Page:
My favorite line, although one that some religious people may find offensive (tell me if you do or don't), is the following quotation from historian Stephen Henry Roberts (1901-71) of the University of Sydney, Australia. (Picture to the right.) When talking to a religious friend, Roberts once said:
I contend that we are both atheists. I just believe in one fewer god than you do. When you understand why you dismiss all the other possible gods, you will understand why I dismiss yours.The cleverness of the preceding notwithstanding, atheism is not doing very well — especially in this country. Harris' article attempts to confront that fact.
Atheists are often imagined to be intolerant, immoral, depressed, blind to the beauty of nature and dogmatically closed to evidence of the supernatural.Although most intellectually honest religious people don't believe that atheists are by nature intolerant, immoral, etc., it's worth watching how Harris answers these charges.
Even John Locke, one of the great patriarchs of the Enlightenment, believed that atheism was “not at all to be tolerated” because, he said, “promises, covenants and oaths, which are the bonds of human societies, can have no hold upon an atheist.”
That was more than 300 years ago. But in the United States today, little seems to have changed. A remarkable 87% of the population claims “never to doubt” the existence of God; fewer than 10% identify themselves as atheists — and their reputation appears to be deteriorating.
Harris is really fighting two battles. On one front he argues that religion is a danger to society and that we would be better off without it. On the other he is fighting the defensive battle against the view that atheists are morally corrupt and generally unacceptable to much of society. As Harris says,
[atheism] has acquired such an extraordinary stigma in the United States that being an atheist is now a perfect impediment to a career in politics (in a way that being black, Muslim or homosexual is not).I wonder how different we as a society would feel if atheism were as socially acceptable as faith.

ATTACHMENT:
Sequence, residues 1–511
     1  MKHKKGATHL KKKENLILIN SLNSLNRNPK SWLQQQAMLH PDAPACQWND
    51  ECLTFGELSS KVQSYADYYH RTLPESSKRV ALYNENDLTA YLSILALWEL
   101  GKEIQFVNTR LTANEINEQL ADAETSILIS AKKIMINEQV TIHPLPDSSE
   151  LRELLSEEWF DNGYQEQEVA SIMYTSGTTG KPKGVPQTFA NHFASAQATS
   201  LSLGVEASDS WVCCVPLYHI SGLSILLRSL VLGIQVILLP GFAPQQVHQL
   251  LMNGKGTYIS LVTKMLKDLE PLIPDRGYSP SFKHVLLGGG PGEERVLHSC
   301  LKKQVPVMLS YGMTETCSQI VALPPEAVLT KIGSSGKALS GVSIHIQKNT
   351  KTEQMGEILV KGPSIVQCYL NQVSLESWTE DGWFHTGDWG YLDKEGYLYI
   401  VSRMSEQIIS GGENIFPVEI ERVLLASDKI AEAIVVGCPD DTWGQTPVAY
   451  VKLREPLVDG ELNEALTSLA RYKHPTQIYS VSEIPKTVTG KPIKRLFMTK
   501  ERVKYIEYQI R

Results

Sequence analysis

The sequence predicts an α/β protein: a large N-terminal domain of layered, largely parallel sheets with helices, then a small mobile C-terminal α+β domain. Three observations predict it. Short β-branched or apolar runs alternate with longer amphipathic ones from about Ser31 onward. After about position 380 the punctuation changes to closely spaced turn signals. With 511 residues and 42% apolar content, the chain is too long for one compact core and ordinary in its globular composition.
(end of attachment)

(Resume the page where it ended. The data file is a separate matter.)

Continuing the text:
One doesn't have to argue against religion to argue for tolerance of atheism — although Harris might claim that most religion is incompatible with tolerance of atheism. In the current atheism vs. religion debate, I'd like to see some prominent religious spokespeople argue for tolerance of atheism.
It might make more strategic sense for Harris to fight for tolerance of atheism (just as other oppressed minorities have argued for tolerance) than to focus on attacking religion. Not only would this challenge people in a more acceptable way, it would also force them to think through their own convictions. Pushing people to defend their convictions against his challenges produces defensiveness rather than self-awareness. Asking religious people to speak out in favor of tolerance is more likely to produce self-awareness on their part.
Just as people had to become personally aware of the prejudices they harbored against other oppressed groups before they could rid themselves of those prejudices, the same is true for their anti-atheism prejudices. The most important task is to create a climate in which people will examine their own beliefs with openness and honesty.
It seems to me that the struggle that will almost certainly ensure among the devout when they are confronted with the request to express tolerance for atheists will have a much more beneficial effect than any argument that Harris can mount.